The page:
1. Invest in carbon management now because it is likely to be a necessary ingredient to achieve a stable climate. Even after deploying significant levels of energy efficiency, clean electricity and electrification, there exist a number of hard-to-abate sectors (e.g. industry, heavy-duty transportation, aviation and shipping) where additional tools are needed to decarbonize. Evolved’s modeling suggests that between 400 and 1,100 million metric tons of carbon will need to be captured annually by 2050 (between 7%-20% of gross U.S. emissions today). While the analysis does show it may be possible to reach net-zero without carbon management at all, excluding it greatly increases the risk of missing our target because it demands extremely high levels of renewables and biomass deployment – levels that may be practically or politically infeasible. The model also suggests that, in the long run, CDR options such as direct air capture may be deployed more widely than point-source carbon capture, assuming that there is a substantial increase in clean power. Given its potential role, policymakers should invest in CDR research, development and demonstration now so it can be part of a diverse set of climate solutions in the next few decades.

2. Start long-term infrastructure planning that aligns with net-zero goals. Carbon management will create new demands for infrastructure – from transporting captured carbon via pipelines to ensuring that it’s safely stored underground. According to the model, the majority of the captured carbon from CCS and DAC may go to underground geologic storage, which will demand significant levels of research, planning and investment today. The model also finds that nearly all carbon storage and utilization occurs intra-regionally, suggesting that the need for long distance CO2 pipelines may require additional research and analysis. It’s also critical to make sure any infrastructure development is done right: policymakers should put guidelines in place that ensure environmental integrity and prevent leaks, earthquakes or other preventable negative impacts from underground storage. This infrastructure planning should also be carried out in partnership with communities and address their priorities, including environmental protection and the development of economic opportunities that benefit them.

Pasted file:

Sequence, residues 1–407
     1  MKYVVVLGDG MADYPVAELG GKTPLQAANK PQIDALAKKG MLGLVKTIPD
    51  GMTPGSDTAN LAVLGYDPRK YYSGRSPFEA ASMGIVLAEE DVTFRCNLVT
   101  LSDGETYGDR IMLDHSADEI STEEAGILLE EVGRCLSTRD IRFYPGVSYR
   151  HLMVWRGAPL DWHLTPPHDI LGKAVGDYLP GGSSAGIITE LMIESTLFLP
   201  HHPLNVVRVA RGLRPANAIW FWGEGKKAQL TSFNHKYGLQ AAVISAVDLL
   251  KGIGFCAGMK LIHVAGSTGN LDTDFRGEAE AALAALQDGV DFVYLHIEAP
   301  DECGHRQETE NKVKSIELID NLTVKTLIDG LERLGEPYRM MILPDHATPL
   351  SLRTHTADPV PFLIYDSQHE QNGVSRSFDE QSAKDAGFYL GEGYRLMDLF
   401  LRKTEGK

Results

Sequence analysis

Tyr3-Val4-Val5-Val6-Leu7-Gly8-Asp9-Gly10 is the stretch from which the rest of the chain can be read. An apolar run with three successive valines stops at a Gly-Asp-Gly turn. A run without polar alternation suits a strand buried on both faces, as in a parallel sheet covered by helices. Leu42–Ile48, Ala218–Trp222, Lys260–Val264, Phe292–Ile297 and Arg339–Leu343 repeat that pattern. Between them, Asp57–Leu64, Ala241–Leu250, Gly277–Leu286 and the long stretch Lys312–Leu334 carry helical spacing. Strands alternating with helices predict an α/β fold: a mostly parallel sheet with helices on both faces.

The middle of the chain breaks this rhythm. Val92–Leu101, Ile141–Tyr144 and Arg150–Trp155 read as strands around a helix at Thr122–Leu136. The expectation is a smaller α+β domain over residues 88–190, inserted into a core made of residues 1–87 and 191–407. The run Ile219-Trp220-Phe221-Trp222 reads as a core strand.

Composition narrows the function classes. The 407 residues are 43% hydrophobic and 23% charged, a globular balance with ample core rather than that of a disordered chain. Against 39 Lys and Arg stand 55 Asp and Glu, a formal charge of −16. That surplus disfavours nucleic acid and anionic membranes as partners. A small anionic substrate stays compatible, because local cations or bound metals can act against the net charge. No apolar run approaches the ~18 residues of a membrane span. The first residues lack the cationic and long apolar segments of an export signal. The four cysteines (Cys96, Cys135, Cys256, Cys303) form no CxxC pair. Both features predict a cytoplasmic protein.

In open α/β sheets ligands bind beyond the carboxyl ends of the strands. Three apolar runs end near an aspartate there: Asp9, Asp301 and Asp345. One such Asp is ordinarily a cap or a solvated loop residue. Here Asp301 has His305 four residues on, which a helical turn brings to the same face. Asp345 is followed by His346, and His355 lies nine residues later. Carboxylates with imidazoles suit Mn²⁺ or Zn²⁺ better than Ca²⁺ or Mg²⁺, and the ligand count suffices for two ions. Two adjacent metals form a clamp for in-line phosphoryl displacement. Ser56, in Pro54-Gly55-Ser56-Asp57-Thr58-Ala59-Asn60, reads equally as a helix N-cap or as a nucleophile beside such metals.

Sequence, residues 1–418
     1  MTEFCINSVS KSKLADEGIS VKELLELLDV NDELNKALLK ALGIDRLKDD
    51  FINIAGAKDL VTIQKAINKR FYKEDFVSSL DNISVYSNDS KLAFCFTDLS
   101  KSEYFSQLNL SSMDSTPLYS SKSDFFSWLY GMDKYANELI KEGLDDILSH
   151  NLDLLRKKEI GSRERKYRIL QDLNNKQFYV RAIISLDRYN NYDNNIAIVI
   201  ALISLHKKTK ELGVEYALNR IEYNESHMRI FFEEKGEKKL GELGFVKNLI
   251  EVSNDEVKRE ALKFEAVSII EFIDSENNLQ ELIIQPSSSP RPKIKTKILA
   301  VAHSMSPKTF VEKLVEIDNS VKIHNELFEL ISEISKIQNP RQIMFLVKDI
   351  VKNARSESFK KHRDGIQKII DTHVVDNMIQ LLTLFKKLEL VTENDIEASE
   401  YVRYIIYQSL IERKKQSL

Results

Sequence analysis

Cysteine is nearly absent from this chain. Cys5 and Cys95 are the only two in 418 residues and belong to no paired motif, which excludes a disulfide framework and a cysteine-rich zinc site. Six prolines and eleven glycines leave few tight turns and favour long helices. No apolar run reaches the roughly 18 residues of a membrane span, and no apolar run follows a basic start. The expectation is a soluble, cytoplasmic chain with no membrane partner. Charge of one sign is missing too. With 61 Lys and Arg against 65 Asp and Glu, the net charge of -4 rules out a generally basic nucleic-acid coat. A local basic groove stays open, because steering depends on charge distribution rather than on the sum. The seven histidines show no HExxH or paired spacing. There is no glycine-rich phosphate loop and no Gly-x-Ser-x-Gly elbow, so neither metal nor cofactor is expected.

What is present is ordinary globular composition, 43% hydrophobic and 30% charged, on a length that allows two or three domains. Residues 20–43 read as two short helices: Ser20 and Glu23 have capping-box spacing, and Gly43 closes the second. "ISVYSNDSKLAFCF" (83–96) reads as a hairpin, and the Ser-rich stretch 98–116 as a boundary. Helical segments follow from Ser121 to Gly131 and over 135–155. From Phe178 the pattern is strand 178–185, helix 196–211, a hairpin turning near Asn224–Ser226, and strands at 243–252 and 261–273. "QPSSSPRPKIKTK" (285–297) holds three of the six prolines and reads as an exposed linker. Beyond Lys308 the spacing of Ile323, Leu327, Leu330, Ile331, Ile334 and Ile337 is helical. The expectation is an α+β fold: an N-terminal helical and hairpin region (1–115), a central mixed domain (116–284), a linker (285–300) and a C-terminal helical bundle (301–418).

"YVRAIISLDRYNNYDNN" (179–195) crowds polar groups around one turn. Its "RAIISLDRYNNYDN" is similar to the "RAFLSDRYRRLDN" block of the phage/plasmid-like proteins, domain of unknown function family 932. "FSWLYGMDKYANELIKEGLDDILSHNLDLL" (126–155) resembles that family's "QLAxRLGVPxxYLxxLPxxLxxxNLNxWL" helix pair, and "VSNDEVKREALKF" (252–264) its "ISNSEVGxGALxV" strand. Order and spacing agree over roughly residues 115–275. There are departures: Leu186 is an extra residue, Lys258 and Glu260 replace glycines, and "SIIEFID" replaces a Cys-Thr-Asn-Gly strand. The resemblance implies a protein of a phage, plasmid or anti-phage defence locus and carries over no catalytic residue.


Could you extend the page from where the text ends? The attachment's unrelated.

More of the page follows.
3. Don’t forget to monitor, regulate and address non-CO2 pollution. Since carbon management does not necessarily directly reduce non-CO2 pollution, like methane, it will be important to address these co-pollutants, which have a disproportionate impact on climate warming. Policymakers need to ensure leakage of these pollutants does not negate carbon management’s near- and long-term climate benefits. More analysis on leakage, including deeper consideration of non-CO2 pollution, would also help provide a more complete understanding of policy options.

4. Prioritize efforts to curb climate pollution now. Advancing energy efficiency, clean electricity and electrification this decade remains Job One for getting on a pathway to a stable climate – and the major package of climate and clean energy investments currently in the U.S. Senate could help spur this progress. Maximizing these no-regrets strategies minimizes the cumulative build-up of carbon pollution in the atmosphere and the degree to which the U.S. may need to rely on carbon management strategies to lower pollution in the future.

There are many policy opportunities at hand that can help carbon management become a valuable addition in a suite of strategies needed to reach net zero, including stimulating innovation in key areas, planning for infrastructure needs and swiftly deploying climate solutions that can slash pollution right now.

As we ramp up these strategies, it will be equally important that policymakers work hand-in-hand with communities to ensure that these new solutions are deployed in a responsible, just and fair manner. Beyond the climate benefits, carbon management strategies should be carried out in a way that improves communities’ lives and livelihoods, by bringing good-paying job opportunities, and reducing harmful air and water pollution.

Read the policy summary here.